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Single Malt Cocktails in a seaweed pod – cool new idea or folie de grandeur?
“What was created to be a fun, novel way to approach Scotch whisky cocktails rapidly turned into a PR storm for The Glenlivet this week.
In celebration of London Cocktail Week’s 10th anniversary, the Speyside single malt brand created a range of edible/drinkable cocktail capsules in collaboration with Alex Kratena and Monica Berg of London’s Tayēr + Elementary, rated one of the world’s best bars after just nine months of operation, and capsule designer Notpla.
Three original cocktails ‘inspired by the elements and flavours of The Glenlivet Founder’s Reserve’ – Citrus, Wood and Spice – are filled into a biodegradable casing made from seaweed extract (called ‘oohos’) and presented to patrons in a bespoke gold box.
‘The cocktail capsules are unique and push the boundaries of how drinks can be served,’ said Kratena, who, alongside Berg, is known within the industry for an evolutionary approach to cocktail creation.
Twitter users, on the other hand, weren’t so sure, particularly those in the US who still recall the fall-out of the Tide pod craze, a thankfully short-lived YouTube trend that saw young people film themselves biting into laundry detergent capsules.
While Outlander’s Sam Heughan, who is launching his own whisky brand, remained unconvinced by the innovation, one of the more hysterical over-reactions came from ABC’s foreign affairs reporter Julia Macfarlane, who described it as a ‘sick joke’ and an ‘abomination’, calling on Scottish First Minister Nicola Sturgeon to ‘do something’.
Other reactions have gone so far as to label the capsules a ‘public health hazard’, prompting warnings by Twitter users that ‘teens are going to put these in their butts’, despite the fact they are only available at Tayēr + Elementary, where alcohol is not served to minors, let alone to anyone attempting to shove anything up their rectal passage.
The capsules were described by one publication as ‘weird shit’, despite the fact that spherification, the technique pioneered by El Bulli chef Ferran Adrià to create spheres of liquid contained in an algae-based casing, has been used and celebrated by chefs the world over for a good 15 years; and despite the fact that oohos filled with Lucozade were handed out to runners during this year’s Virgin Money London Marathon to cut back on plastic waste – without so much as an outraged hashtag from the Twitterati.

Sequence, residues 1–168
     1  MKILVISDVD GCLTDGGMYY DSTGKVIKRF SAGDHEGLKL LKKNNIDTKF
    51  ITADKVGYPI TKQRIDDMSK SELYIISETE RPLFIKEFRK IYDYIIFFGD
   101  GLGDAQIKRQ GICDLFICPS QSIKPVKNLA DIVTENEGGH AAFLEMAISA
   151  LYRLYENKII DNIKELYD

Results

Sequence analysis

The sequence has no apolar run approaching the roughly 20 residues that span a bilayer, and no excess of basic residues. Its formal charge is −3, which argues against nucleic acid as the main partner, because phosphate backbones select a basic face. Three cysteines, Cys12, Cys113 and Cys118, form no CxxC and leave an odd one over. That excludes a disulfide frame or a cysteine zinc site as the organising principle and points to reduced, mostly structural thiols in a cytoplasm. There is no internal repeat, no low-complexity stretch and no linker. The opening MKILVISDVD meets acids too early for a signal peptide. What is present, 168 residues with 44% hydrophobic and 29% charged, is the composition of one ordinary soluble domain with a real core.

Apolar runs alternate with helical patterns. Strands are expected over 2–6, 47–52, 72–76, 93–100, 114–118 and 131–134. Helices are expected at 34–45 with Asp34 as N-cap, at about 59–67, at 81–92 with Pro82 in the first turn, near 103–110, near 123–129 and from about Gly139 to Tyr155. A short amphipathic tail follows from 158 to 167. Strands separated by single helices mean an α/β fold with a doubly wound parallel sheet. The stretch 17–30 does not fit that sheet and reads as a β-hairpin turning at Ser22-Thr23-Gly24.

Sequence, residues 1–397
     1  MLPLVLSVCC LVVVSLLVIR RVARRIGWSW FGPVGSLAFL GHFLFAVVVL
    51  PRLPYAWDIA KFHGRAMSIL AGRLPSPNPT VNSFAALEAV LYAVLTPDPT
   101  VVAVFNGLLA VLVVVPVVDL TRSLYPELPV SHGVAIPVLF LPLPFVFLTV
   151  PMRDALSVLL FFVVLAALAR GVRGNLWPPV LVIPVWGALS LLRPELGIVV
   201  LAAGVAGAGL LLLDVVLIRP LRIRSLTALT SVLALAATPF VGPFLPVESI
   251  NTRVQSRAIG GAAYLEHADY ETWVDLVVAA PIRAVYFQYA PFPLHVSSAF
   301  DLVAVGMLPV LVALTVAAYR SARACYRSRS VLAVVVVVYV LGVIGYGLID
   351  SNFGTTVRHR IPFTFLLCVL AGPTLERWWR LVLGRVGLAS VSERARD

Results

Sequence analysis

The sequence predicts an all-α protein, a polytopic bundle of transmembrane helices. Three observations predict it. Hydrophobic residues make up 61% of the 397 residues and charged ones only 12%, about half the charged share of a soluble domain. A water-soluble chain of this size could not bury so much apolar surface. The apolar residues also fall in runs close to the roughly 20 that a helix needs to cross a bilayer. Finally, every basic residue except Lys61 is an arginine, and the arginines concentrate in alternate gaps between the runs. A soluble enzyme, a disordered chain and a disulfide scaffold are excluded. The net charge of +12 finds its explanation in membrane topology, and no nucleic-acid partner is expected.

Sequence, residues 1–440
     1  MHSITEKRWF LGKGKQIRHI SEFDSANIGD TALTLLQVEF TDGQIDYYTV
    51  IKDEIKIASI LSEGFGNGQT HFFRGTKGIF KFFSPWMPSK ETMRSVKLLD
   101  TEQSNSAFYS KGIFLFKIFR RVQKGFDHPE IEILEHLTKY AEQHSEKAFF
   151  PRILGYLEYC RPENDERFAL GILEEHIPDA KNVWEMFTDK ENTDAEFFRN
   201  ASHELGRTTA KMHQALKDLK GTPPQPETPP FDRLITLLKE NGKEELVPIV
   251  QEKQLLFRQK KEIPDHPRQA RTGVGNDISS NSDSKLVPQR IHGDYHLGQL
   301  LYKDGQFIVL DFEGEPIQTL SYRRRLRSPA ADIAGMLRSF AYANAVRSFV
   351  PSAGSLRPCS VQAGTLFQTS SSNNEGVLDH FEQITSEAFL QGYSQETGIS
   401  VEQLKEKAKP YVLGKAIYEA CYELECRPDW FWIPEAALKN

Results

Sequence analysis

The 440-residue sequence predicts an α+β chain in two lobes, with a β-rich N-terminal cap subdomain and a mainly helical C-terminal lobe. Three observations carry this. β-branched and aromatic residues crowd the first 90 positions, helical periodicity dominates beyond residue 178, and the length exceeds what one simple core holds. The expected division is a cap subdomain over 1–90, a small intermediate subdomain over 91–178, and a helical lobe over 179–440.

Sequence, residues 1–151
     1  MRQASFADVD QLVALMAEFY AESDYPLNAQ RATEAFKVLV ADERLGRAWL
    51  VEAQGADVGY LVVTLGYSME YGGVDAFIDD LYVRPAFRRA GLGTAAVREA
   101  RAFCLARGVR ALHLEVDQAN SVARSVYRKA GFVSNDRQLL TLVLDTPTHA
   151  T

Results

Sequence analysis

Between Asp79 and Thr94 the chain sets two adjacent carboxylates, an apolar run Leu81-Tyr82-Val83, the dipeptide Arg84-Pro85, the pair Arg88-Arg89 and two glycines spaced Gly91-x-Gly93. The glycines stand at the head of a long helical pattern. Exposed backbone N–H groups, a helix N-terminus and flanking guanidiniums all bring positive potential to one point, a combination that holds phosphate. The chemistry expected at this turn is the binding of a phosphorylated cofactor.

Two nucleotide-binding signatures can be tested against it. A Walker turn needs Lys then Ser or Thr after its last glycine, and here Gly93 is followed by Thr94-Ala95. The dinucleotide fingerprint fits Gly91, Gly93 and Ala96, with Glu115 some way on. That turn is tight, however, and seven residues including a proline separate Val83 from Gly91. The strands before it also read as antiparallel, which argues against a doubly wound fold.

Apparently, the universe can rest easy if these biodegradable, ingestible pouches are filled with anything other than Scotch whisky.
It begs the question: what if the cocktails contained rum, or that darling of the British press, gin? Would the capsules still have received such widespread criticism?
Wine writer Nina Caplan missed the point in her succinct op-ed for The Guardian: ‘Multinationals such as Pernod Ricard (which owns The Glenlivet) are fixated on novelty, which has nothing to do with the slow enjoyment of good whisky. If we want people to drink responsibly, it isn’t enough to put anodyne health warnings on websites and bottles. What is needed is an education in appreciation, and that doesn’t come in a consumable capsule.’
Surely the enjoyment of a ‘good’ whisky is down to a person’s individual preference – fast, slow, neat, mixed, in a glass or seaweed casing, the choice is subjective. Sticking with the old adage that whisky appreciation can only be attained by ‘slow enjoyment’ actually throws whisky education back into the dark ages.
The capsules each contain 23ml of liquid, and are served chilled, directly from the fridge to be popped into the mouth in one go. Biting down on the capsule releases the cocktail inside, and consumers are free to roll that liquid around the mouth for as long as they like.
As far as drinking responsibly goes, each capsule contains less alcohol by volume than a standard 25ml shot (as defined by the British Weights and Measures Act) of 40% abv Tequila, vodka, etc, which is, incidentally, more liquid volume than contained in a Glenlivet capsule.
The capsules were devised as a light-hearted exploration of the possibilities of how whisky can be enjoyed, although (assumingly playfully) the press release asking whether they mark the ‘death of the whisky tumbler’ may have been a step too far. However, as Miriam Eceolaza, director of The Glenlivet, said: ‘As a brand that celebrates originality, we are always looking to break the conventions that have determined how single malt Scotch has historically been enjoyed.’
In the face of an ageing consumer base, Scotch has been trying to shake off its dusty image of tartan and tweed to appeal to a younger audience, with varying degrees of success. They may be marketing buzzwords, but innovation, craft and stories with substance are what excite new whisky drinkers, and unless Scotch appeals to their cravings it risks becoming the dusty, uncool spirit of past generations, languishing on the top shelf as the more relevant Bourbons, rums and Irish whiskeys swagger in.
Divisive cocktail capsules aren’t enough on their own to change the public’s perception about mixing Scotch, but at least The Glenlivet is trying. The saga goes to show Scotch is caught in a Catch-22 situation – it’s damned if it doesn’t innovate; ridiculed if it does.
ABC’s Macfarlane is, however, at least partially correct: Nicola Sturgeon should do something – get down to Tayēr and try the capsules, and show that drinking a Scotch-based cocktail in a different way needn’t be a cause for mass outrage.” (Source; Scotch Whisky Magazine